QUINCY — Lamar Thompson loved soccer and was hoping to score a lot of goals for the Quincy High School team this fall. Jamaican dancehall was his favorite music, especially the artist Vybz Kartel. He liked cooking traditional Jamaican dishes such as stewed chicken, rice, and peas — and scrambled eggs, the favorite of his 9-year-old sister Tashia.
Those were just some of the memories that friends and family shared as more than 100 gathered at Quincy High School Monday night to mourn Thompson, 18, who drowned Sunday afternoon after jumping off a pier at the Quincy Yacht Club.
Mark Thompson said his son “was not really a big swimmer” and usually did not go into water over his head. It surprised him that Lamar would dive into water that he said is about 18 feet deep.
The father said he is trying to surround himself with family and friends right now, because being alone is too depressing. It is difficult for him to accept that his son is gone. “I don’t understand why so soon, at that tender age,” he said.
The loss of the young man who had just completed his junior year had some students reflecting outside the memorial on how unexpectedly a life can end. “It’s just crazy, how one minute he’s gone,” said Alexis Monfiston, 17. “It’s not like he went to the beach knowing he was going to die. He just wanted to have a good time.”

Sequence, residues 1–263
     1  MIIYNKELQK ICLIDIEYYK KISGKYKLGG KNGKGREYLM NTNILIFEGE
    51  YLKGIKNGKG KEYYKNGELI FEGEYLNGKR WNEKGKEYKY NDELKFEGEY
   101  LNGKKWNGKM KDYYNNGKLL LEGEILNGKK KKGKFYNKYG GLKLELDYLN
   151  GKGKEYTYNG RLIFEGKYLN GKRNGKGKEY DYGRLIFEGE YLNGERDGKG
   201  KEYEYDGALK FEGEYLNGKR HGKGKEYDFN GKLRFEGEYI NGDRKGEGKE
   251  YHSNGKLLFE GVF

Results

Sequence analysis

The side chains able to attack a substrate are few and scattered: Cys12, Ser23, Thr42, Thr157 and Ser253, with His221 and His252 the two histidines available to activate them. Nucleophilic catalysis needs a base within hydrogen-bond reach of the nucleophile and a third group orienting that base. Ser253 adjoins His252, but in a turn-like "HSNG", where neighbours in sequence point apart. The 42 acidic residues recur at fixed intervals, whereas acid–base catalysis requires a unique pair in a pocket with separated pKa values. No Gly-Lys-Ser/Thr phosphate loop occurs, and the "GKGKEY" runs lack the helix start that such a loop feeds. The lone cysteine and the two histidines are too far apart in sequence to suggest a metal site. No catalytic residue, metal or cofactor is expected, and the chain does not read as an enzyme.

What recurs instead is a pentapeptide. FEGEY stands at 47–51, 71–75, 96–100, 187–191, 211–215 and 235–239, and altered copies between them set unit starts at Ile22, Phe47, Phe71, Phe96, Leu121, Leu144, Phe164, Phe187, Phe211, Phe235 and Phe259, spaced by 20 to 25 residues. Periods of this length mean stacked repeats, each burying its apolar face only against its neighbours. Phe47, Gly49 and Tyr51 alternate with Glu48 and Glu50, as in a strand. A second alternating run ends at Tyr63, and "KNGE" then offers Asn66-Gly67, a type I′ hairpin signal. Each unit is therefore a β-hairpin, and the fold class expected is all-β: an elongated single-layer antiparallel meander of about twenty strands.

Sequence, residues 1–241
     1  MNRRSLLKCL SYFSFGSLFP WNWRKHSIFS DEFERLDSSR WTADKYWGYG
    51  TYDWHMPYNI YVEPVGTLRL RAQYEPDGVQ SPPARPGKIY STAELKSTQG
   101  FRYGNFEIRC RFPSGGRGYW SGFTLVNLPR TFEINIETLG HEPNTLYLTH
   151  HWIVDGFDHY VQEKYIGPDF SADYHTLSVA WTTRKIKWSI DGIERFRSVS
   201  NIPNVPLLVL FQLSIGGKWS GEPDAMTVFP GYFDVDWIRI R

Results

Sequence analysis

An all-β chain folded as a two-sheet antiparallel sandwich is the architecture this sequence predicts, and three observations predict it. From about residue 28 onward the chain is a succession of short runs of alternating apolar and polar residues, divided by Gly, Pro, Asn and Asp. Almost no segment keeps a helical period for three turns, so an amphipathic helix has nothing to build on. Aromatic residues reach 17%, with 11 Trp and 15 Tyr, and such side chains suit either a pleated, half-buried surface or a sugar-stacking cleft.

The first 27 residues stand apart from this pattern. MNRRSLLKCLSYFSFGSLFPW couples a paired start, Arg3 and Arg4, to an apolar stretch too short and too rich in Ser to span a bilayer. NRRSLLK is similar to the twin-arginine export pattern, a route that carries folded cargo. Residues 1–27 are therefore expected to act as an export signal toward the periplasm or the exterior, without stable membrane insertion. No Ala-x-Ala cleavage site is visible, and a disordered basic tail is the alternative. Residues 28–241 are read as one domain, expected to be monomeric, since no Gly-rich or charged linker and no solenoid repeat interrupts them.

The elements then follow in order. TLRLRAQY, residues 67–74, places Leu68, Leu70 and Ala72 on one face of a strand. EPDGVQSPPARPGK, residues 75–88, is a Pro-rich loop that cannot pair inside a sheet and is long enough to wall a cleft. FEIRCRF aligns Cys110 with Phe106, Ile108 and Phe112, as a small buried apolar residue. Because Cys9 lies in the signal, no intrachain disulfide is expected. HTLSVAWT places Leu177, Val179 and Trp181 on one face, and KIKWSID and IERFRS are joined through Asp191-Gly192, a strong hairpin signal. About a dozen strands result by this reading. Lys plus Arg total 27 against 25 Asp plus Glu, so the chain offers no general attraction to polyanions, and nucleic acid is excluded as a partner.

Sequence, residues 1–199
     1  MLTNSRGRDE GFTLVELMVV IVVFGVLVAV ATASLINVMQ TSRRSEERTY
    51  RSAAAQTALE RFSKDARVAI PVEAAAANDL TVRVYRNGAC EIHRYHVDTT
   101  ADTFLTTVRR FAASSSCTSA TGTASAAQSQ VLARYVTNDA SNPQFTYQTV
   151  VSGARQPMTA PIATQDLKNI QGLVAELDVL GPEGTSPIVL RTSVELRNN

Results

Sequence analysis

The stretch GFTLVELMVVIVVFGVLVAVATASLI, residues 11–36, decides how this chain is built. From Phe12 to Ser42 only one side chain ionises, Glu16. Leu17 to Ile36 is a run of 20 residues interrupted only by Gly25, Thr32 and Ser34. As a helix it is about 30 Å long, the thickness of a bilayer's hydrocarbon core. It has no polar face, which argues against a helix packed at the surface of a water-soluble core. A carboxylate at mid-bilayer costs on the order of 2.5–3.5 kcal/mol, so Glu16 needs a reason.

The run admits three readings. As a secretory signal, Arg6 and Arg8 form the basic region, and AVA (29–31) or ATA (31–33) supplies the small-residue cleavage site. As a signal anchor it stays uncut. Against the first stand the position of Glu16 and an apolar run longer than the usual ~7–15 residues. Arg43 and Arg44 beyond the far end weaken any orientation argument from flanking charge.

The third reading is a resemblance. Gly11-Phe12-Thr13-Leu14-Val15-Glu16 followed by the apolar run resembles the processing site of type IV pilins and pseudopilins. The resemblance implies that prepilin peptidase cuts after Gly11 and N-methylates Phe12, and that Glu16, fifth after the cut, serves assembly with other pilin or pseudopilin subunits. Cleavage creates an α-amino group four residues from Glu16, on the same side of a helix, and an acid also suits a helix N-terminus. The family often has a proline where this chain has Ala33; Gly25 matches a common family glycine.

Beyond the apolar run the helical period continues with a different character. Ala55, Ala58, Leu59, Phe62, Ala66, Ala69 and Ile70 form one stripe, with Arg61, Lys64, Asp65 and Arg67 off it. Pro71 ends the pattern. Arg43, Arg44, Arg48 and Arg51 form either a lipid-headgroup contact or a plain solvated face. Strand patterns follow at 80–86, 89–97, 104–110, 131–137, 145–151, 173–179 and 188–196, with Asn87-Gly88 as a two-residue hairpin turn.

Thompson grew up with his mother in Kingston, Jamaica, and came to live with his father and stepmother in Quincy last fall. In a short time, he impressed many classmates and teachers.
“He not only was a kid who was always smiling and joking, but he was a hard worker who never missed homework and was an extremely positive presence in class,” said Chris Natalizia, 31, Thompson’s honors English teacher.
Scifo Campbell, 17, said he and Thompson were “the best of friends.” They bonded over their Jamaican upbringings and love of dancehall music, Campbell said, wiping tears from his eyes as he sat outside the memorial.
“I hate the feeling,” Campbell said when asked about his grief. “It heals, but it’s going to take a while.”
Taliyah Rodriguez, 16, sat with Campbell, gently rubbing his back in consolation. She said Thompson loved Jamaica, but had come to love Quincy High during his time there.
Bai Kanu, 18, played on the soccer team with Thompson. Kanu, an immigrant from Sierra Leone, said Thompson loved books and impressed him by reading “A Long Way Gone: Memoirs of a Boy Soldier,” Ishmael Beah’s book about the civil war in the West African nation.
The friends last spoke on Sunday, about an hour before the leap into the water that led to Thompson’s death. Around 4 p.m., Kanu ran into a mutual friend who said Thompson had drowned. “I didn’t believe the whole thing,” Kanu said. “I still don’t believe it.”
Kanu recalled Thompson predicting he would score lots of goals in soccer this fall. He hopes he can wear Thompson’s jersey to keep his legacy alive.
“And I will make sure I score a goal for him,” he said.